US 3114777 A
Description (OCR text may contain errors)
United States Patent 3,114,777 TULYL HES THEOETHERE) Walter Reifschneider, Midiand, Mich, assignor to The Dow Chemical Company, Midland, Mich, a corporation of Delaware No Drawing. Filed June 27, 1962, Ser. No. 205,526
4 Claims. (6i. 260--609) The present invention is directed to th-ioethers and in particular is directed to novel thioethers corresponding to the formula In the present specification and claims, any ring substituent R, R and R independently represents an alkyl group of from 1 to 4, inclusive, carbon atoms. The compounds having one or more unsubstituted rings are also within the invention: hence any of R, R or R be hydrogen.
The novel compounds are colorless to pale tan crystalline solids appearing white or off-white in mass, very slightly soluble in water but readily soluble in various common organic solvents such as lower all anols, benzene and the like. The compounds are useful as insecticides and herbicides; as inhibitors of the germination of fungus spores, they are effective fungistats. The compounds are also useful as additives to improve the properties of lubricating oils especially designed for operation under high pressures and temperatures; they are useful as intermediates in the preparation of dyestuffs and biologically active materials; they are also of value as solvent additives in the modification of behavior of mixed solvent systems, and as alcohol denaturants.
The compounds are prepared by a process which comprises the steps of causing a reaction between a molecular proportion of an aA-dihalotoluene compound corresponding to the formula wherein G represents hydrogen, alkali metal, or cuprous copper. During the reaction to prepare the present compounds, a total of 2 moles of benzenethiol reacts with each molecule of dihalotoluene compound. Small amounts of benzenethiol may be lost in side reactions. Thus, when it is desired to prepare a compound of the present invention in a high state of purity and with a minimum of necessary post-synthesis purification procedure, the starting reactants should be employed in the total proportions of 2 moles of benzenethiol compound per mole of dihalotoluene, or preferably, with the benzenethiol in slight excess. However, other proportions may be employed if desired, and unconsumed starting material of whatever identity may, if desired, be recycled into further synthesis process.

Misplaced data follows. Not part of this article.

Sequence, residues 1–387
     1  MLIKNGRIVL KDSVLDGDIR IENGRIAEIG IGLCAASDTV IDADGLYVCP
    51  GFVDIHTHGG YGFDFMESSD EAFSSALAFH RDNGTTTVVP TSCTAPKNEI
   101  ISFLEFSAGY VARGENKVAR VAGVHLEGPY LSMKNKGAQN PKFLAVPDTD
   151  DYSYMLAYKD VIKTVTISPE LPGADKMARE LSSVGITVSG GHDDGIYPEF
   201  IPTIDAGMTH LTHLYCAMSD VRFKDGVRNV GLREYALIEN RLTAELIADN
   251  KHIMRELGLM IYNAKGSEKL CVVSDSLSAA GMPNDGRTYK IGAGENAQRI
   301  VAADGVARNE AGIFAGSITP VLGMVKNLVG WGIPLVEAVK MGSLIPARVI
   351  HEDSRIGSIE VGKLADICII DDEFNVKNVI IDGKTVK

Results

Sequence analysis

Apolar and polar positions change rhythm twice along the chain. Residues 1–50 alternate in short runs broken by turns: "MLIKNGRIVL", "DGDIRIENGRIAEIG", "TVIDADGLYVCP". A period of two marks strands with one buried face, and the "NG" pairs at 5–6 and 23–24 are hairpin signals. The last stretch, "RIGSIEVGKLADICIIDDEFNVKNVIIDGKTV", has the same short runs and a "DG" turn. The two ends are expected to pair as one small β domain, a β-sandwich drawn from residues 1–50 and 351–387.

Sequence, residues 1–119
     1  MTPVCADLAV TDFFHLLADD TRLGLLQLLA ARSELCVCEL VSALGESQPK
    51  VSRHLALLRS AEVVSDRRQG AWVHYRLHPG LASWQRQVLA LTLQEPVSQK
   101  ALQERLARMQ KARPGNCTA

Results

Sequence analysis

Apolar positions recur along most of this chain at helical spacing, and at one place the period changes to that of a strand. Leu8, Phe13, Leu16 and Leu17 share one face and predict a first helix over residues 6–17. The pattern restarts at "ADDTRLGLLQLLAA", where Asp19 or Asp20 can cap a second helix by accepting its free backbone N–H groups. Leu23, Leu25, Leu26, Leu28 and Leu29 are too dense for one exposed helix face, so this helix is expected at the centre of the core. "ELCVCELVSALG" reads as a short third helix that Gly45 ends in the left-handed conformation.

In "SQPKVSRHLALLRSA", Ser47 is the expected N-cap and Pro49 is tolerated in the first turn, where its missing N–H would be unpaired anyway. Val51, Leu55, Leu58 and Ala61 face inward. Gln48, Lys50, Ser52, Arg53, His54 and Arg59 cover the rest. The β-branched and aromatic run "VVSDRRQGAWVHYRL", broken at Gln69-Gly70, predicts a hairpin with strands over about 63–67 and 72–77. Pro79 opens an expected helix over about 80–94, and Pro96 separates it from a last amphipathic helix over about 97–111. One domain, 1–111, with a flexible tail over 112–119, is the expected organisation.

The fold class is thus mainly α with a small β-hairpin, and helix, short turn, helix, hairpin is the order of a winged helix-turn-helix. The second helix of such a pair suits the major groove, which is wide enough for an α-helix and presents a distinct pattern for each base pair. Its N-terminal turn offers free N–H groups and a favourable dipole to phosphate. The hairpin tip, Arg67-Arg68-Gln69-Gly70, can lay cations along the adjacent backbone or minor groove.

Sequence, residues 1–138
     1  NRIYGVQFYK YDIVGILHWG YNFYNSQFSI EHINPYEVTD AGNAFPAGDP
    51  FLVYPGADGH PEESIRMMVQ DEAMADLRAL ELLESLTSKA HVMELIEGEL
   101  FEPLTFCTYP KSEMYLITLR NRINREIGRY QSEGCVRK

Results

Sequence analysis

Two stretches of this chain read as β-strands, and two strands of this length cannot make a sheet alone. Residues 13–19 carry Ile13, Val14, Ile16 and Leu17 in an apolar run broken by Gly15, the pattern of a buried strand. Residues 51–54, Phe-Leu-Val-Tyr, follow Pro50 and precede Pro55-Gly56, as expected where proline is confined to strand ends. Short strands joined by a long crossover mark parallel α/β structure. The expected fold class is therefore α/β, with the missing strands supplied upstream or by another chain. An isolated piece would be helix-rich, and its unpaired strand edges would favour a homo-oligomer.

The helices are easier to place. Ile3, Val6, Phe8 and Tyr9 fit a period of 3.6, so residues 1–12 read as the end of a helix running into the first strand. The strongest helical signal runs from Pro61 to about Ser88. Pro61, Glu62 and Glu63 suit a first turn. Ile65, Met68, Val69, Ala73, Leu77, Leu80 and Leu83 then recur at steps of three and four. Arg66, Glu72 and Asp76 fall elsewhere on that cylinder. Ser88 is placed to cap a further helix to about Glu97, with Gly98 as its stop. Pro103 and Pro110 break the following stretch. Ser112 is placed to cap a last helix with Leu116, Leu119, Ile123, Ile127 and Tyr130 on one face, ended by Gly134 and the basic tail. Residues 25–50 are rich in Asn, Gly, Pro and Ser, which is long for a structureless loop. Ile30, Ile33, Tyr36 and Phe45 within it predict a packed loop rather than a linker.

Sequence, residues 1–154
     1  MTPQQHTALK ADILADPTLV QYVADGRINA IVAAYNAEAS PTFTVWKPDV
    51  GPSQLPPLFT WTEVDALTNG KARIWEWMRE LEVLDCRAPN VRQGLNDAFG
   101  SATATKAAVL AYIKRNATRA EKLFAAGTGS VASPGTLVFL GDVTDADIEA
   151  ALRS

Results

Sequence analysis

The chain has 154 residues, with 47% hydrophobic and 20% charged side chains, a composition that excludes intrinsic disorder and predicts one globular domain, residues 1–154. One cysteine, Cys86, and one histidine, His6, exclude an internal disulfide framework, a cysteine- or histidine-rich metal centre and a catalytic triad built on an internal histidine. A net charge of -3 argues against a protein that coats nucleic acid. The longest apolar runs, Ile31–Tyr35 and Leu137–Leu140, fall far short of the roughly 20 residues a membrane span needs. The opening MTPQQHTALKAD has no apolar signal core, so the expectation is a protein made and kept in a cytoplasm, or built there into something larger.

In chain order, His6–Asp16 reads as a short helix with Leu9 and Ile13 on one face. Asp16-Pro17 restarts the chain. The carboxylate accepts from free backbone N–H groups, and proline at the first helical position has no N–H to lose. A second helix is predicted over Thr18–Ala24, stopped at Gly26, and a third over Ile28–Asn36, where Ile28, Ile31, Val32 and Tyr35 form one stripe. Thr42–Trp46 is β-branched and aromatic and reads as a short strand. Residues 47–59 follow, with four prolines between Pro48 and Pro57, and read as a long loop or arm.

The reaction goes forward at temperatures over a wide range such as 30 to 350 C., but initiates most readily when heated to a temperature somewhat higher than room temperature; a preferred temperature range is about 120 to 220 C.: under these conditions the reaction is, in general, exothermic and goes forward to completion with good yield calculated upon the basis of consumed starting material. When employing benzenethiol, hydrogen halide 3,114,777 Patented Dec. 17, 1963 of reaction is evolved and means for its orderly disposal are advantageously provided.
Typically, in the preparation of the compounds of the present invention, reaction between the aromatic thiol starting material and the dihalotoluene starting material will initiate and go forward only when there is employed a catalytic amount of both a source of cuprous ion and a nitrogenous base. In the preparation of many, and probably all of the present compounds, the employment of such catalyst is essential and critical, although the exact weight is not critical. Certainly the employment of such catalyst is in all cases highly advantageous. The source of cuprous ion may be metallic copper, in which case the copper reacts in some way to obtain cuprous halide. Also, cuprous oxide may be employed as a source of cuprous ion in which case water of reaction is evolved and cuprous halide results. Cuprous chloride itself or other cuprous salt may be employed. The employed weight is not critical, but may vary from a very small trace amount, less than 1/ 10 0 of 1 molar percent, to as much as an amount equimolecular with either reactant or even greater. In general, the employment of larger amounts is accompanied by no major advantage and, being expensive, is not preferred. When water or reaction is evolved it is advantageously removed, as by the use of a water trap in the reflux condenser system.